Overview of Writing Courses for Aspiring Children's Authors

Writing courses for aspiring children's authors may be part of the curriculum for undergraduate or graduate degrees in creative writing, English or children's literature. Other options include continuing education and/or online courses. Read on for further details about classes in this course of study.

Essential Information

Children's literature courses provide aspiring writers with the training and background needed to write for younger audiences, and may help them hone their creative and storytelling skills and attract the attention of a publisher.

Here is an outline of common concepts taught in writing courses for children's authors:

  • History of children's literature
  • Writing for children
  • Illustration for children
  • Basic storytelling
  • Book reviewing

List of Children's Literature Courses

History of Children's Literature Course

Students explore the roots of British and American children's literature, from its beginning as an oral tradition to modern-day writings. This course may examine writings by notable authors such as Lewis Carroll, Robert Louis Stevenson and Rudyard Kipling. Participants may also discuss the work of 19th-century writers, such as Mark Twain, Nathaniel Hawthorne and Susan Warner.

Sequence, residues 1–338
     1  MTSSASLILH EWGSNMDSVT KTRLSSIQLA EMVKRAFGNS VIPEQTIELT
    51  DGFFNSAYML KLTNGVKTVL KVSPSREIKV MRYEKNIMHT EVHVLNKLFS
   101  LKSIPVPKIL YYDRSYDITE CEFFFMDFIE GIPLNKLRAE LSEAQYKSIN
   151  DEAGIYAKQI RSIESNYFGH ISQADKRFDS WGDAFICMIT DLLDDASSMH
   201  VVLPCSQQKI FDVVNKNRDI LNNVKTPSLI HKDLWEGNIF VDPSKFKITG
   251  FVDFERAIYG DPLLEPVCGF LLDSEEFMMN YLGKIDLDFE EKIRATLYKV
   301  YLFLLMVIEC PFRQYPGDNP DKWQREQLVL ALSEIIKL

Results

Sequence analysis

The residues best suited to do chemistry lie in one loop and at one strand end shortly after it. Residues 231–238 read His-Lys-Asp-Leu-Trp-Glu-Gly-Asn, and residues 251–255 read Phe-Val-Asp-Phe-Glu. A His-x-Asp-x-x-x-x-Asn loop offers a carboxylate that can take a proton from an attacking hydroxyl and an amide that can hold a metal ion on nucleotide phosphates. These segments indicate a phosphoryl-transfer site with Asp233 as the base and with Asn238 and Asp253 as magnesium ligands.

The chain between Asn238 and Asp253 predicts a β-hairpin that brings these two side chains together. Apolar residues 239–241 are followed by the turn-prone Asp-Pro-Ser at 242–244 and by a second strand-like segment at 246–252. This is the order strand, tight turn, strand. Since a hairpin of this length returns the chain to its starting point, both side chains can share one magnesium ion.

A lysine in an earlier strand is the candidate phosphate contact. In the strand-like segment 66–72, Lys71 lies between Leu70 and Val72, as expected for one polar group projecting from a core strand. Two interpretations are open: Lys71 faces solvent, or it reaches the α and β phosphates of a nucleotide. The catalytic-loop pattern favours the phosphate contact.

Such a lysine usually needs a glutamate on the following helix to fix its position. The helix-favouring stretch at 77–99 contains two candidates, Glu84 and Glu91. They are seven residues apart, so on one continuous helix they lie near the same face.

Creating Picture Books Course

Professors cover the writing style and illustration techniques of picture books in this course. Individuals examine the historical background of children's literature and how artists of the time interpreted the text of works. Students learn to create a storyboard and use appropriate vocabulary to augment illustrations.

Creative Writing for Children Course

Individuals discuss writing drama, fiction, picture books and poetry for children. Students discover techniques and tricks used to come up with creative ideas and put them into words and down on paper. They focus on editing their work for clarity, style and message. This course provides participants with a sense of their writing skills and offers ways to improve.

Basics of Storytelling Course

Students learn about the history and role of storytelling in society. This course provides individuals with the techniques for selecting and telling stories orally. Both traditional and contemporary stories are covered, including personal, historical and ghost stories. Participants develop a personal style for oral storytelling and build up a list of their favorite tales to share.

Folk and Fairy Tales Course

Participants examine the origins and modern incarnations of fairy tales and folklore in children's literature. They consider the psychological and cultural messages espoused in these works and by the characters telling the stories. Students review the cultural and social roles these tales fulfilled over time. This course also develops skills for analyzing fairy tales and folk stories.

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